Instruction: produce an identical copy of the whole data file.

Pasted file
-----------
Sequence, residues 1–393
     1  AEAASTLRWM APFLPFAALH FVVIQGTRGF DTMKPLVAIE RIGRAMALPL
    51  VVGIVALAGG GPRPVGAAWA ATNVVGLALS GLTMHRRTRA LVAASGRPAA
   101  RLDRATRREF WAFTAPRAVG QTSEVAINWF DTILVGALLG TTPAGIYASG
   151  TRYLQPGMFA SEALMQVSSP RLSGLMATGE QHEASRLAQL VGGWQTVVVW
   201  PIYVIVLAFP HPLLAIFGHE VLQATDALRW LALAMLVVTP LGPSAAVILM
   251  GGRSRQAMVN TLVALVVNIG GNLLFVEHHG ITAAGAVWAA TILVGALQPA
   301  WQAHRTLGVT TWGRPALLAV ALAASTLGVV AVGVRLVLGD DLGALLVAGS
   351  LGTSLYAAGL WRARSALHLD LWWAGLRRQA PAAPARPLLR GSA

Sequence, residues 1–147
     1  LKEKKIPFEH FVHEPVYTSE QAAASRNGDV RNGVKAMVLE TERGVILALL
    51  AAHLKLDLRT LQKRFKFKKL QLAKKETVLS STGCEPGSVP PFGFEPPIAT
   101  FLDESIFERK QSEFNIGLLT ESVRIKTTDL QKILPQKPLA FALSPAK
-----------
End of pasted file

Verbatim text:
Sequence, residues 1–393
     1  AEAASTLRWM APFLPFAALH FVVIQGTRGF DTMKPLVAIE RIGRAMALPL
    51  VVGIVALAGG GPRPVGAAWA ATNVVGLALS GLTMHRRTRA LVAASGRPAA
   101  RLDRATRREF WAFTAPRAVG QTSEVAINWF DTILVGALLG TTPAGIYASG
   151  TRYLQPGMFA SEALMQVSSP RLSGLMATGE QHEASRLAQL VGGWQTVVVW
   201  PIYVIVLAFP HPLLAIFGHE VLQATDALRW LALAMLVVTP LGPSAAVILM
   251  GGRSRQAMVN TLVALVVNIG GNLLFVEHHG ITAAGAVWAA TILVGALQPA
   301  WQAHRTLGVT TWGRPALLAV ALAASTLGVV AVGVRLVLGD DLGALLVAGS
   351  LGTSLYAAGL WRARSALHLD LWWAGLRRQA PAAPARPLLR GSA

Sequence, residues 1–147
     1  LKEKKIPFEH FVHEPVYTSE QAAASRNGDV RNGVKAMVLE TERGVILALL
    51  AAHLKLDLRT LQKRFKFKKL QLAKKETVLS STGCEPGSVP PFGFEPPIAT
   101  FLDESIFERK QSEFNIGLLT ESVRIKTTDL QKILPQKPLA FALSPAK